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LA will send police to remove homeless residents from high-risk fire zones

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New rules are aimed at preventing wildfires and saving lives

A helicopter does a water drop beside a luxury house after the Skirball wildfire swept through the exclusive enclave of Bel Air in December 2017. The fire was later determined to be sparked by a cooking fire at a homeless encampment.
Mark Ralston/AFP/Getty Images

With the threat of wildfires looming ahead of Santa Ana wind season, the Los Angeles City Council unanimously approved new rules today that will send police officers to encampments in hillside areas to “remove” homeless residents.

Officials say the rules are aimed at preventing wildfires and protecting the lives of homeless residents.

“You have the threat of fires that can be potentially set off by fire encampments,” says Los Angeles City Councilmember Joe Buscaino. “It’s a threat to private property as well as public property.”

The rules apply to areas with “significant fire hazards,” including the Santa Monica Mountains and Griffith Park, along with large swaths of the San Fernando Valley and Northeast Los Angeles. CalFire and the Los Angeles Fire Department map those areas, officially called Very High Fire Hazard Severity Zones, based on vegetation, terrain, and other factors.

In those zones, Los Angeles Police Department officers will go out to encampments on Red Flag days, and homeless residents who refuse to relocate will be arrested. Otherwise, outreach workers with the Los Angeles Homeless Services Authority will help place them into emergency shelters.

Under the new ordinance, on days when Red Flag warnings are not in effect, LAHSA will be responsible for doing “proactive” outreach. That will include connecting residents to services and housing opportunities.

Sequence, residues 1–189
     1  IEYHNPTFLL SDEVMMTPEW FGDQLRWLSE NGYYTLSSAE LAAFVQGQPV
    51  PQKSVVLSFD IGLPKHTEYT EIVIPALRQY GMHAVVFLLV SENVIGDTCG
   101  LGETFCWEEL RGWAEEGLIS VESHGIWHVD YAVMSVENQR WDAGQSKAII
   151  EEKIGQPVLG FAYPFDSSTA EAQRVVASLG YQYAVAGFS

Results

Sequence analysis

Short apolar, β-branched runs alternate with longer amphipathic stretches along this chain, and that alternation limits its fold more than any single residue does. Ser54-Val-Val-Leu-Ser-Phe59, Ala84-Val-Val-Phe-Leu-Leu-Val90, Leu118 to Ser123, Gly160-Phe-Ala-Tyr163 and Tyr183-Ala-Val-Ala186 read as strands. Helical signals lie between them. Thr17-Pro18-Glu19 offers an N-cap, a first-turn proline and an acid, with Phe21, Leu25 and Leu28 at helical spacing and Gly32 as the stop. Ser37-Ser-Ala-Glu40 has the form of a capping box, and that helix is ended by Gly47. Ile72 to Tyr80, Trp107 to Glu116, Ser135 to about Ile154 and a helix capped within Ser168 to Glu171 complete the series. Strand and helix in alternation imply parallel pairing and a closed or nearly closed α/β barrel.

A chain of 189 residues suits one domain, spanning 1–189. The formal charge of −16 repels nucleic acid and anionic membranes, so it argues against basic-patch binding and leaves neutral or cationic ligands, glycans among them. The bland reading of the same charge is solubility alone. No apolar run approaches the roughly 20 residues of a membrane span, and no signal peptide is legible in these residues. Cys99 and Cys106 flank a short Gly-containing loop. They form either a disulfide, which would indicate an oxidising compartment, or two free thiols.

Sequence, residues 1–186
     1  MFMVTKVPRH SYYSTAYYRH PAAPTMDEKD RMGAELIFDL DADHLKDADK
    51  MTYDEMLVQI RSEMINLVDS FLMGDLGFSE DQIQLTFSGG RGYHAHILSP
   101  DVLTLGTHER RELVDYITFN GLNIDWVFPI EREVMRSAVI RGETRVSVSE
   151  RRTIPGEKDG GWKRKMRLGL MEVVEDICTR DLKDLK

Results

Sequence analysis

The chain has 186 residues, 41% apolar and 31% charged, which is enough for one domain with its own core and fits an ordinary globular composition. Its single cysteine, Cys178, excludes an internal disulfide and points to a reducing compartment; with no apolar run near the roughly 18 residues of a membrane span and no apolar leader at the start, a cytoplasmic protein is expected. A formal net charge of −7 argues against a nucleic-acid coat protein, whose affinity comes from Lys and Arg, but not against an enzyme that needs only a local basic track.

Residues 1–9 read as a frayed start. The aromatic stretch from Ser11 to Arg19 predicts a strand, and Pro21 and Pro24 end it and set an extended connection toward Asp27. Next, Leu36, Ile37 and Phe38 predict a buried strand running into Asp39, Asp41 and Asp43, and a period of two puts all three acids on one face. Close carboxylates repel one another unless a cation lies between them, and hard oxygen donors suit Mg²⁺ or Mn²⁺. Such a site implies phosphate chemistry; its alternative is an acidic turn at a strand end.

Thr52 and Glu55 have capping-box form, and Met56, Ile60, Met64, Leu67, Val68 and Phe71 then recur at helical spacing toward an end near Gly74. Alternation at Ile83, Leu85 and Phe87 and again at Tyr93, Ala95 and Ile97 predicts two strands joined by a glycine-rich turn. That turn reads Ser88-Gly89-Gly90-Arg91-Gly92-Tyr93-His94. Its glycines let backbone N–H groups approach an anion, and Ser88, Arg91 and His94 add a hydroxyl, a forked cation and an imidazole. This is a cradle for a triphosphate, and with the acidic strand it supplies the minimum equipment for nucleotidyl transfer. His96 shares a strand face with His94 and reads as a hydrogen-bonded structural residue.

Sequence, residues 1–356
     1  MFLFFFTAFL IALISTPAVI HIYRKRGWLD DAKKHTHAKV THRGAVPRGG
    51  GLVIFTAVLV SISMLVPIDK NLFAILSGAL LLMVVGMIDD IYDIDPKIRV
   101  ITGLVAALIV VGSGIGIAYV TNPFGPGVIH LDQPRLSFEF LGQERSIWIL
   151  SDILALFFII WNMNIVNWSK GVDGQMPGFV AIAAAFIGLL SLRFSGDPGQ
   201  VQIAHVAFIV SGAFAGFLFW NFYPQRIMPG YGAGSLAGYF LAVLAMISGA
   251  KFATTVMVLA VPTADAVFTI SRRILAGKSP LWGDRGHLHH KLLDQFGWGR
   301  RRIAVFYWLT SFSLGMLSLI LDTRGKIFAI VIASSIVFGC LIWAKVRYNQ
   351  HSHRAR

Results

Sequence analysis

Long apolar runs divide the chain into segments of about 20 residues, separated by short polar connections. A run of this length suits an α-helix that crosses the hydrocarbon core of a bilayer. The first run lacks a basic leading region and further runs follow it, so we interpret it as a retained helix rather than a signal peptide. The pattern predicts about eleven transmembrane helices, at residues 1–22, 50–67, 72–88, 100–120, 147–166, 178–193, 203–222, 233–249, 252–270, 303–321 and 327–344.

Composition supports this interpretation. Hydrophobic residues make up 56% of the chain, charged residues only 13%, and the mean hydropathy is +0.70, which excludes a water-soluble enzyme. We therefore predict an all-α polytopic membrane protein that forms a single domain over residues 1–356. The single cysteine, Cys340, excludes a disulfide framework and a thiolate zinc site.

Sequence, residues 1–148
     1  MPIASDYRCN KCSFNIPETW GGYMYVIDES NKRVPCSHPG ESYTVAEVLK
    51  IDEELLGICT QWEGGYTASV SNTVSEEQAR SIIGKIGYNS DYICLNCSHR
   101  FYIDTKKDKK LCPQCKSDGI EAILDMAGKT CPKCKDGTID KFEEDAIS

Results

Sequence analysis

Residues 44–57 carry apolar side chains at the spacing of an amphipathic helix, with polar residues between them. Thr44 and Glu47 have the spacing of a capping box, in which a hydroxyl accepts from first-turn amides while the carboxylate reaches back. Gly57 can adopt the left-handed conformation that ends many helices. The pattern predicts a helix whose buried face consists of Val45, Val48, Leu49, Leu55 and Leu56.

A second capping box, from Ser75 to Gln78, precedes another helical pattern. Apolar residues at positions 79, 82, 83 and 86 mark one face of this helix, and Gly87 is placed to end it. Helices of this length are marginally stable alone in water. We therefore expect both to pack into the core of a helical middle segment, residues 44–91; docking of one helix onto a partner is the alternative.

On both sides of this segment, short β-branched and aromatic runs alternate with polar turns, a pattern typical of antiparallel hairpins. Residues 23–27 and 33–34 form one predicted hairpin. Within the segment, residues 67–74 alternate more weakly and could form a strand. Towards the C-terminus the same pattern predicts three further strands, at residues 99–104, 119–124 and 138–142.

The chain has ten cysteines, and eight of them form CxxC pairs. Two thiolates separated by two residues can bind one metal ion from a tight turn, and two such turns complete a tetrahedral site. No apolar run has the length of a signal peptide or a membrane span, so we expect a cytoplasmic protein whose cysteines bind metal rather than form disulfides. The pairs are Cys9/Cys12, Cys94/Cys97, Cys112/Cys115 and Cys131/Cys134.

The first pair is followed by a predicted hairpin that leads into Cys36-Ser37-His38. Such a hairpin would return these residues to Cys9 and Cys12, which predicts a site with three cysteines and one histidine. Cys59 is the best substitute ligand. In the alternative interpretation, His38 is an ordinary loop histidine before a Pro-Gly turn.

“Normally [we] would not support moving homeless individuals, however in this case, it’s making sure their lives are protected,” said Nathaniel Vergow, who oversees the authority’s outreach teams.

LAHSA, police, firefighters, and the city’s sanitation department will also put together a schedule to do clean-ups around encampments in the zone to “mitigate any potential increased fire risk.”

In December 2017, a cooking fire at a homeless encampment in a brushy area near where Sepulveda Boulevard crosses under the 405 ignited a blaze that torched 422 acres, destroying a half dozen homes.

The Los Angeles Fire Department estimates there are 47 homeless encampments in the high fire-risk zones. That’s based on a “windshield” survey it conducts in January and August, when firefighters drive around the zone and count the number of encampments they spot.

Right now, homeless residents only know they might be in the zones if a sign is posted, says assistant city attorney Julie Raffish.

In the past, city code required the city to post signs every 600 feet along property boundaries within the zone, warning people not to trespass. But the zone has a large footprint and includes rugged areas that make posting the signs everywhere “unrealistic,” according to a motion from Los Angeles City Councilmembers Bob Blumenfield and Monica Rodriguez.

In the past, the LAPD did not go into these areas to issue citations, says Tran Le, a spokesperson for Rodriguez.

People who refuse to relocate will now face a $1,000 fine and or up to six months in jail, according to the city attorney’s office.

“This is not a homelessness ordinance,” says Los Angeles City Councilmember Paul Krekorian. “It’s an effort to move people out who are violating the law... being homeless does not give you license to violate the law.”